Justin Verlander Reunites With the Astros as the Mets Continue Their Teardown

Geoff Burke-USA TODAY Sports

The Mets’ losses are the American League West’s gains. Three days after the Rangers landed Max Scherzer, the Astros have reacquired Justin Verlander, who less than nine months ago helped them win the World Series, and soon after pocketed his third Cy Young Award. In exchange for the future Hall of Famer and a whole lot of cash, the Mets are receiving two of the Astros’ top prospects, lefty-swinging outfielders Drew Gilbert and Ryan Clifford.

This is the continuation of a stunning about-face for the Mets, who signed Verlander to a two-year, $86.7 million contract in December and opened the season with a record-setting $352 million payroll. They entered Tuesday at 50-55, 17.5 games out of first place and six back in the Wild Card race, with seven teams above them. Once owner Steve Cohen gave general manager Billy Eppler the green light to trade closer David Robertson to the Marlins last Friday, the dominoes began falling, with Scherzer waiving his no-trade clause to be dealt to Texas, and then Mark Canha being sent to Milwaukee on Monday.

As with the Scherzer deal, the Mets are eating the majority of the remaining money on Verlander’s contract to improve their return. They sent $35.5 million out of the roughly $57.7 million remaining on Scherzer’s two-year, $86.7 million contract to Texas and received middle infielder Luisangel Acuña, a 50-FV prospect who’s currently no. 56 on The Board. Via the New York Post’s Joel Sherman, the Mets will send $52.5 million of the $93 million remaining on Verlander’s pact, assuming his 2025 conditional player option vests. They’ll pay $35 million to help cover this year and next; he’s due around another $14.2 million for 2023 and $43.3 million for ’24. If he pitches 140 innings in 2024 and does not have a right arm injury that would prevent him from being on the active roster for Opening Day ’25, he’ll make $35 million, of which the Mets will pay half.

For that considerable chunk of change, the Mets are receiving 22-year-old Drew Gilbert, a center fielder currently at Double-A, and 20-year-old Ryan Clifford, a corner outfielder/first baseman currently in High-A. Gilbert and Clifford began the season as the Astros’ third- and fifth-ranked prospects, but with the graduations of Hunter Brown and Yainer Diaz and this week’s trade of Korey Lee to the White Sox in the Kendall Graveman deal, they had become the team’s top two prospects. Gilbert, a 50-FV prospect, is no. 49 on The Board and becomes the Mets’ top-ranked prospect, while Clifford, a 45-FV prospect, is now no. 8 in the Mets system. More on them below.

For the Astros, this is a reunion made necessary by injuries. The team entered the season with an all-homegrown starting five of Framber Valdez, Cristian Javier, Luis Garcia, José Urquidy, and Lance McCullers Jr., with Brown waiting in the wings. Garcia made just six starts before tearing his UCL on May 1 and undergoing Tommy John surgery in mid-May, while McCullers never was on the active roster and underwent season-ending surgery to repair a torn flexor tendon and remove a bone spur from his right forearm in mid-June. Additionally, Urquidy hasn’t pitched in the majors since April 30 — the day before Garcia’s injury — due to shoulder inflammation, though he just made his fourth and possibly final rehab start on Sunday. Rookie J.P. France and reliever-turned-starter Brandon Bielak have rounded out the rotation since early May and have pitched credibly; by ERA, the former’s 2.85 and the latter’s 3.69 rank first and third among this group, with Valdez’s 3.29 second. That said, Bielak’s 5.24 FIP is the highest of the starters besides Urquidy.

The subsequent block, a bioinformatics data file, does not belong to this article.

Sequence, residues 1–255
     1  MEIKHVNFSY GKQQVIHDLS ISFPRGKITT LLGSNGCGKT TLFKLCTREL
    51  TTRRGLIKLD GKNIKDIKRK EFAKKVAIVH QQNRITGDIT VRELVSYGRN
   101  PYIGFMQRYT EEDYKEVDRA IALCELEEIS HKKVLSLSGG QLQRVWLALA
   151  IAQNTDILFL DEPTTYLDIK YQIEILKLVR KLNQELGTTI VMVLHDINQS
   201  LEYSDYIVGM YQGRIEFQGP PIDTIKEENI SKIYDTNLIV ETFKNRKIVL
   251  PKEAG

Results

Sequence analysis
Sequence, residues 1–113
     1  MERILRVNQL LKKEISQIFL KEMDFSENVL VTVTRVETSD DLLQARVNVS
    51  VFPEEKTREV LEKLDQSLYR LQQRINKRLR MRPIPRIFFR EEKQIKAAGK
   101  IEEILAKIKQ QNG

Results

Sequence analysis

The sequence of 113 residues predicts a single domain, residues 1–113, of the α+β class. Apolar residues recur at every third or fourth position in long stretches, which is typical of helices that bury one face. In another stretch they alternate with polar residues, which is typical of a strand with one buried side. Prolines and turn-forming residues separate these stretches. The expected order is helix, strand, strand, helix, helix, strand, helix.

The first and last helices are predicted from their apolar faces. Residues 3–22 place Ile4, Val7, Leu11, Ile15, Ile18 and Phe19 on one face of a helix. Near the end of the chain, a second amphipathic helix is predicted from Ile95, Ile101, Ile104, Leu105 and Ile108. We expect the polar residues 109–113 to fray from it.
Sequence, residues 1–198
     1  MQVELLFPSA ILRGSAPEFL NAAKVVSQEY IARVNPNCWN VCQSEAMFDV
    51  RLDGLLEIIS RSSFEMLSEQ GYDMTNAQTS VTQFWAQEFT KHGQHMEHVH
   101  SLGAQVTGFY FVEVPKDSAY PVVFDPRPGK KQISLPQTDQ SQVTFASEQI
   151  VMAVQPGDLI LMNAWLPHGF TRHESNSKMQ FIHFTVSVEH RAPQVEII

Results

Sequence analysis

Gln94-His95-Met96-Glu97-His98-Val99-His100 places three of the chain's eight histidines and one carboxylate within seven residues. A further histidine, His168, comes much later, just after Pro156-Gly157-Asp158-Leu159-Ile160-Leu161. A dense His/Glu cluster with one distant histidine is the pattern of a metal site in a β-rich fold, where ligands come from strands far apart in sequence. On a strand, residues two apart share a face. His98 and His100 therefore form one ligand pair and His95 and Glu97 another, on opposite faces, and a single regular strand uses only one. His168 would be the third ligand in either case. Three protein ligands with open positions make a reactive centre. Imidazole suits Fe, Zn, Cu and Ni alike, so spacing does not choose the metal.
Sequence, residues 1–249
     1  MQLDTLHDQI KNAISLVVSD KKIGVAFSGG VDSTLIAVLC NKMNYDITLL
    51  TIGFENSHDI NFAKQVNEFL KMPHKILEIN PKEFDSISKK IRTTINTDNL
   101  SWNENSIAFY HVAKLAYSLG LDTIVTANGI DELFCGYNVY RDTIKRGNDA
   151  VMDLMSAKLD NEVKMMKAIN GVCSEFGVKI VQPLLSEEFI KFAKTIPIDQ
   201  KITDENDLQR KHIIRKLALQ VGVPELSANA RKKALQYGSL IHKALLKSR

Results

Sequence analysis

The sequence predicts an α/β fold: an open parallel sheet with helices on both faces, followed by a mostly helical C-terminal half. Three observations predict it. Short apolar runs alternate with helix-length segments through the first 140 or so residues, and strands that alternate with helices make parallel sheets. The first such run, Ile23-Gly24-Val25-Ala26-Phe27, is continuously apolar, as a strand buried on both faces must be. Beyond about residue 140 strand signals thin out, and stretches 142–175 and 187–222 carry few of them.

For all of those injuries, the Astros rotation ranks second in the AL in both ERA (3.81) and innings (600.1), fourth in WAR (8.7), and fifth in FIP (4.25), and the team is 60-47, half a game behind the Rangers in the division race. But particularly with Javier regressing to a 4.33 ERA and 4.31 FIP after last year’s breakout, they needed a frontline starter, and between the market’s limitations, Verlander’s connection to owner Jim Crane, and his ability to control his destiny by choosing whether or not to waive his no-trade clause, this deal felt inevitable. Via MLB Trade Rumors, by Tuesday morning numerous teams besides the Astros were known to have expressed interest in Verlander, including the Dodgers, Orioles, Braves, and Padres, though the last of those appeared to bow out by instead trading for Rich Hill.

As for the 40-year-old Verlander, a year after pulling off what might have been the best post-Tommy John surgery comeback ever, and certainly the best by any pitcher 36 or older, his top-line numbers are good but unremarkable. After missing the first month of the season due to a low-grade teres major strain, he’s pitched to a 3.15 ERA and a 3.81 FIP, with the big cause for concern the deterioration of his strikeout and walk rates. He’s dropped from last year’s 27.8% strikeout rate to 21%, making this the first time since 2015 that he hasn’t punched out more than a batter per inning. Meanwhile, he’s nearly doubled last year’s walk rate, from 4.4% to 8%, and his resultant drop in strikeout-to-walk differential is the majors’ second largest among pitchers with at least 150 innings last year and 70 this year; if you raise the latter threshold to 80 innings, he’s first:

Largest K-BB% Declines from 2022 to 2023
Name ’22 IP ’22 K% ’22 BB% ’22 K-BB% ’23 IP ’23 K% ’23 BB% ’23 K-BB% Change
Alek Manoah 196.2 22.9% 6.5% 16.4% 76.2 18.4% 14.6% 3.8% -12.6%